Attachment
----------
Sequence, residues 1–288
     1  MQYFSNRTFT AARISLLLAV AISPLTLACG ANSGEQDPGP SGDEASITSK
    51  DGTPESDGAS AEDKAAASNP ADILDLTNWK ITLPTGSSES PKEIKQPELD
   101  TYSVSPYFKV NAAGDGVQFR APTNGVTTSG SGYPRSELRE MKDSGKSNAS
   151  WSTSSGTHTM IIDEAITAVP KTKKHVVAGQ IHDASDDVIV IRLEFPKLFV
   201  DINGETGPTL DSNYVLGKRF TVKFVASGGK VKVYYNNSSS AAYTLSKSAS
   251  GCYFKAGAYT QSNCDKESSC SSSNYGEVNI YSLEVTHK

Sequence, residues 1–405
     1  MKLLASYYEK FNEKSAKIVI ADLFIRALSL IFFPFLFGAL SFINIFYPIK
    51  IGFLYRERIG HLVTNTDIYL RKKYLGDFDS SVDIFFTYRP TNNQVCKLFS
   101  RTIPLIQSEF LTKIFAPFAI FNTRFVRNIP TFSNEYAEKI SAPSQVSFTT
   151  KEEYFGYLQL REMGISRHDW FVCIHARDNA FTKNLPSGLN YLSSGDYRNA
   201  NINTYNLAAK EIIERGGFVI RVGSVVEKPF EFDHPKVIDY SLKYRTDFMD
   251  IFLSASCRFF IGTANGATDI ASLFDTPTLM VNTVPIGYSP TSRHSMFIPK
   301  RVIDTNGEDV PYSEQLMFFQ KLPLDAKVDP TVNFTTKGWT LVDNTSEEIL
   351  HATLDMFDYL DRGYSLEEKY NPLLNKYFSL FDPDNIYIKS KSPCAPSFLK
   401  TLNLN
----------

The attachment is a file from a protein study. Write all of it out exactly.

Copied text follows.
Sequence, residues 1–288
     1  MQYFSNRTFT AARISLLLAV AISPLTLACG ANSGEQDPGP SGDEASITSK
    51  DGTPESDGAS AEDKAAASNP ADILDLTNWK ITLPTGSSES PKEIKQPELD
   101  TYSVSPYFKV NAAGDGVQFR APTNGVTTSG SGYPRSELRE MKDSGKSNAS
   151  WSTSSGTHTM IIDEAITAVP KTKKHVVAGQ IHDASDDVIV IRLEFPKLFV
   201  DINGETGPTL DSNYVLGKRF TVKFVASGGK VKVYYNNSSS AAYTLSKSAS
   251  GCYFKAGAYT QSNCDKESSC SSSNYGEVNI YSLEVTHK

Sequence, residues 1–405
     1  MKLLASYYEK FNEKSAKIVI ADLFIRALSL IFFPFLFGAL SFINIFYPIK
    51  IGFLYRERIG HLVTNTDIYL RKKYLGDFDS SVDIFFTYRP TNNQVCKLFS
   101  RTIPLIQSEF LTKIFAPFAI FNTRFVRNIP TFSNEYAEKI SAPSQVSFTT
   151  KEEYFGYLQL REMGISRHDW FVCIHARDNA FTKNLPSGLN YLSSGDYRNA
   201  NINTYNLAAK EIIERGGFVI RVGSVVEKPF EFDHPKVIDY SLKYRTDFMD
   251  IFLSASCRFF IGTANGATDI ASLFDTPTLM VNTVPIGYSP TSRHSMFIPK
   301  RVIDTNGEDV PYSEQLMFFQ KLPLDAKVDP TVNFTTKGWT LVDNTSEEIL
   351  HATLDMFDYL DRGYSLEEKY NPLLNKYFSL FDPDNIYIKS KSPCAPSFLK
   401  TLNLN